Eleven-year-old Chad Turpin was on a typical class field trip to the Peoria Riverfront Museum when he and some classmates got pulled into a press conference for a new exhibit of the world’s most elaborate display of LEGO art.
“This place is like my dream,” exclaimed the wide-eyed fifth grader from Knoxville Junior High School as he stood next to a 20-foot-long Tyrannosaurus Rex skeleton made by artist Nathan Sawaya from 80,020 LEGO bricks.
“The Art of the Brick” opened last weekend at the Peoria Riverfront Museum at 222 S.W. Washington St. Named one of CNN’s top 10 “Global Must-See Exhibitions,” the critically acclaimed show is the first major museum exhibition to use LEGO bricks as the sole art medium and is designed to inspire ingenuity and creativity.
“I used to love to build with LEGOs, so it’s amazing to see a LEGO statue,” said Turpin, adding that he doesn’t build with the iconic toys much now but was feeling inspired to start again if he receives some LEGO bricks for his birthday.
Peoria Riverfront Museum curator Bill Conger quipped that other parents may be faced with similar gift requests.
“This is an exhibition that actually begs an interesting question: what can you do with one single LEGO brick put upon the next, put upon the next, and so on? Nathan Sawaya has answered this question for us with this exhibition that features over 80 works and probably over a million and a half LEGOs in total. So parents, get ready. You’re going to have to pony up,” he said.
Sawaya previously worked as a New York City corporate lawyer before becoming an award-winning artist. With art studios now in Los Angeles and New York, Sawaya has transformed LEGO bricks into thought-provoking large-scale sculptures. In addition to the T-Rex, the exhibit includes reimagined masterpieces such as Leonardo da Vinci’s “Mona Lisa” made from 4,573 bricks, as well as life-size people and super-sized objects.
Sawaya will be at the museum Aug. 10 to give a presentation on art and the importance of creativity.
According to a frequently-asked-questions sheet prepared for museum docents, Sawaya uses the same exact LEGO bricks that can be found in stores, spending more than six figures on bricks annually. This way, anyone who gets inspired to make their own creation can buy the same bricks used by the artist.
The Tyrannosaurus Rex skeleton is the biggest sculpture Sawaya has built to date, though he also once built an advertising billboard that measured 15 feet high and 53 feet long and used more than 500,000 LEGO pieces. His smallest piece ever was a tree with one brown piece on the bottom and one green piece on the top.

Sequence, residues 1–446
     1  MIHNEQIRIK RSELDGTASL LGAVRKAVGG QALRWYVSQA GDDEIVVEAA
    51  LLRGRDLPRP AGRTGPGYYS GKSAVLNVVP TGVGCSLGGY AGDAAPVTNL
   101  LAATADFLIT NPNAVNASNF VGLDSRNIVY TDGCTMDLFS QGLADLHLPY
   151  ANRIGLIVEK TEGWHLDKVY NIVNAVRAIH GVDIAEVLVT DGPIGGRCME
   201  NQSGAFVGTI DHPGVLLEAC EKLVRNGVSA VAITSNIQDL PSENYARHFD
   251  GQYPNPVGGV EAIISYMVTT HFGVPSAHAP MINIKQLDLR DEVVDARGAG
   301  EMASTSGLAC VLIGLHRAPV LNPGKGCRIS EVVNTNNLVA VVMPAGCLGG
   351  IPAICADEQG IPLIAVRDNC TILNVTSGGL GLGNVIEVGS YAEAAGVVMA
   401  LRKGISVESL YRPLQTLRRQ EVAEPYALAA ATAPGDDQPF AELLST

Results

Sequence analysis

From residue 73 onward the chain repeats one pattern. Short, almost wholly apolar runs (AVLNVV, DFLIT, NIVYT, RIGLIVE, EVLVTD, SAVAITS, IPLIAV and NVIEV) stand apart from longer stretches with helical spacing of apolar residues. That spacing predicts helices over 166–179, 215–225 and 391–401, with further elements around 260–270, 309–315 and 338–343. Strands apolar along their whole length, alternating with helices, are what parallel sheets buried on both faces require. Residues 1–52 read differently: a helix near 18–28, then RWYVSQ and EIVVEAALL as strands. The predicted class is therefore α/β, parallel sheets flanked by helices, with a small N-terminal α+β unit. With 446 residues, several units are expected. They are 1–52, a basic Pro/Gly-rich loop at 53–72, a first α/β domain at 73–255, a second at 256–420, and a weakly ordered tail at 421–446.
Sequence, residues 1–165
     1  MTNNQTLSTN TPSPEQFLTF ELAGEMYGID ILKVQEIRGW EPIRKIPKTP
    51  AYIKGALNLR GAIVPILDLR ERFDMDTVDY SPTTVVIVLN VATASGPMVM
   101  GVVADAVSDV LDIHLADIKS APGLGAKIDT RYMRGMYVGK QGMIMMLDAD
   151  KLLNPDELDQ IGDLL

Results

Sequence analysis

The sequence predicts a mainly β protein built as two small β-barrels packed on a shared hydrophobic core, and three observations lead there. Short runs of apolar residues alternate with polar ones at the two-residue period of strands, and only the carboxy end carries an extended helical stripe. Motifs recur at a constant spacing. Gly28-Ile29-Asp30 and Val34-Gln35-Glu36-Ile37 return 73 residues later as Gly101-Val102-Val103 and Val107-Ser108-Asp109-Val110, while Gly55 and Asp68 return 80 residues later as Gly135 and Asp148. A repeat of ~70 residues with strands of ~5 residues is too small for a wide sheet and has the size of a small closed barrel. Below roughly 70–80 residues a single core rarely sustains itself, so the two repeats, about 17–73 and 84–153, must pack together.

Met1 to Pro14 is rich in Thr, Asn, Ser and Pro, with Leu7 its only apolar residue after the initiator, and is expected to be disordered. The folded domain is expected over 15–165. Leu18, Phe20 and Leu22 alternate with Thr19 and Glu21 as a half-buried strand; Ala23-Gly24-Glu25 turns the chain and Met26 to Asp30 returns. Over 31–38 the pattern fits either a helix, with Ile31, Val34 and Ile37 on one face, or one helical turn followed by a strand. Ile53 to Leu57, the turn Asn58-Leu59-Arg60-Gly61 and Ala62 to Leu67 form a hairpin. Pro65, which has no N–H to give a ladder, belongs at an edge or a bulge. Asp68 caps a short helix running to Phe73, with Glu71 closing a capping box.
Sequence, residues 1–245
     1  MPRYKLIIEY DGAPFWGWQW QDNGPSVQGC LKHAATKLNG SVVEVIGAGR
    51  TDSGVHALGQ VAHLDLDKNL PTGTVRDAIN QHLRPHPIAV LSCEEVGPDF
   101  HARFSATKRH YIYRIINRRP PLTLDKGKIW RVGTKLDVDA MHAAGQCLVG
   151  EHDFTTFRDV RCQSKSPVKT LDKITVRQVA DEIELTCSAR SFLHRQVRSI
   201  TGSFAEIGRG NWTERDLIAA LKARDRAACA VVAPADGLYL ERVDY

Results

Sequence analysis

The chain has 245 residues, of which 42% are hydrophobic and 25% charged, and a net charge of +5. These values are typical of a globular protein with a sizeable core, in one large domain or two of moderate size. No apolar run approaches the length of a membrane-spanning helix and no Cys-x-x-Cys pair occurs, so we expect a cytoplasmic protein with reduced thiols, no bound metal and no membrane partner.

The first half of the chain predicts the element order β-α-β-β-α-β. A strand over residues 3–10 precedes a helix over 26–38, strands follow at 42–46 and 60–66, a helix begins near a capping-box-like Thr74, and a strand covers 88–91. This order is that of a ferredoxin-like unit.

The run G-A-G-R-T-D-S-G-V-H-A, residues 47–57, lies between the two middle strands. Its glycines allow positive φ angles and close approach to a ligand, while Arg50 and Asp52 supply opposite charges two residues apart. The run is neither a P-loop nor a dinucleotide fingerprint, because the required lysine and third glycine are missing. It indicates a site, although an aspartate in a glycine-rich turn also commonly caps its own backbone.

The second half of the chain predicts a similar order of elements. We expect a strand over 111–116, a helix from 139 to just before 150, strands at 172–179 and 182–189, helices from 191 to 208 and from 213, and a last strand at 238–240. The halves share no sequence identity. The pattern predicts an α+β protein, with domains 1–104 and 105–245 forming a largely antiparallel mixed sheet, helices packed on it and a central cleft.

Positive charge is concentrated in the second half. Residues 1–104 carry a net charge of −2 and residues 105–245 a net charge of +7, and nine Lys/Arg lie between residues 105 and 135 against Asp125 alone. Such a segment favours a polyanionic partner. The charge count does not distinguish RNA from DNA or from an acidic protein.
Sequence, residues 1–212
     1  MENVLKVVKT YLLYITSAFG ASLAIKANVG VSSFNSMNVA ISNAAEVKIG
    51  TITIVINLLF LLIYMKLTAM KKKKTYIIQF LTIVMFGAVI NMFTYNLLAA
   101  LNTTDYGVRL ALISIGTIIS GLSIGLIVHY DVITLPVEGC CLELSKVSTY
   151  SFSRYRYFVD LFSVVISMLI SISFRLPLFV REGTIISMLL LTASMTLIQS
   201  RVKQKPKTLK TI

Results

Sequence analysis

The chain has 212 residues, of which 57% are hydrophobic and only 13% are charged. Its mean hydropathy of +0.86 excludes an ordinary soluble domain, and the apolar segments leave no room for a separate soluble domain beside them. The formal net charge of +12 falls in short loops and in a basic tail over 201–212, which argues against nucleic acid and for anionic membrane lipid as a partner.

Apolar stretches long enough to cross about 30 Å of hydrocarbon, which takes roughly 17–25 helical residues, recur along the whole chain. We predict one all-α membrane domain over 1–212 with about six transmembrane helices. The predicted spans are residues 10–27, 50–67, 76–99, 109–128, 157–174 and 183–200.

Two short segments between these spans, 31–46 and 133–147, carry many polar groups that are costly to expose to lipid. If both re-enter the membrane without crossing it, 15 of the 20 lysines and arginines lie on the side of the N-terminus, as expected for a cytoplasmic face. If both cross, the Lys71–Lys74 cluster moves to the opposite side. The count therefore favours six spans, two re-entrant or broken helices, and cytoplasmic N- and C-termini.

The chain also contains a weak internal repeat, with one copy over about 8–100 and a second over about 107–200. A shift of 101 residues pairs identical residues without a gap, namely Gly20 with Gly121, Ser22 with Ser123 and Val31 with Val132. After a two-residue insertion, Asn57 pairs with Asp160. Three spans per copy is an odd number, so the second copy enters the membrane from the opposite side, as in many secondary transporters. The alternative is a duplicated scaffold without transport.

The Peoria Riverfront Museum exhibit also features a special gallery that showcases an innovative, multimedia collection of LEGO brick-infused photography with 3D elements that Sawaya produced in tandem with award-winning photographer Dean West.
At the end of the exhibition, visitors can create their own brick masterpieces in a hands-on interactive LEGO brick gallery. “The Science of the Brick” offers building challenges, such as designing and racing a car, game stations and open play spaces.
Conger said the most fascinating part about the exhibition to him is how it ties to the museum’s mission to touch the tenets of art, history, science and achievement all in one exhibit.
“One part of this exhibition I don’t want you leaving without paying attention to is how, through these fairly simple tools of invention, he creates expression of the human condition,” he added.
Peoria Riverfront Museum CEO John Morris said the exhibit “blew the roof off in attendance and excitement” when it was previously installed at the Oregon Museum of Science and Industry. Museum Visionary Society Council member and founding museum board member Sally Snyder, whose sister is on the Oregon museum’s board, brought it to the local museum board’s attention.
“This is an exhibit that I honestly think is going to break the bank,” Snyder said, telling the Knoxville students how lucky they were to get a sneak preview. “Portland had lines around the block waiting to get in to see this exhibit, and that is a huge museum. This is a great opportunity for Peoria and something to put us on the map again.”
Mark Spenny, CEO of exhibit sponsor CEFCU and a member of the museum board, also had a personal connection to the exhibit.
“My wife and I have four grandchildren. And the summer following each one of them turning 11 years old, we have taken them individually to New York City. It’s meant to be a journey of discovery as the city has such a great diversity of art and theater, history and architecture, economics and cultures from all over the world,” he said.
In planning the itinerary five years ago for their now 16-year-old grandson’s New York trip, Spenny said, “The number one thing on his agenda that he wanted to make sure he saw was this exhibit, which at the time was at the Discovery Channel Museum in New York City. Of everything in New York City, our 11-year-old grandson said this is what I want to go see more than anything else. So we know the power of the attraction this exhibit has, and we’re very excited to see it here.”
Other sponsors making the exhibit possible at the nonprofit privately funded museum include the Gilmore Foundation, Precision Planting and the Visionary Society. The program is also partially supported by a grant from the Illinois Arts Council Agency.
“The Art of the Brick” exhibition runs through Sept. 2. Admission is $18 for adults, $17 for students and seniors 60 and older, and $16 for youth ages 3 to 17. Museum members get in free. For more information, visit the Peoria Riverfront Museum website at www.riverfrontmuseum.org or call 309- -686-7000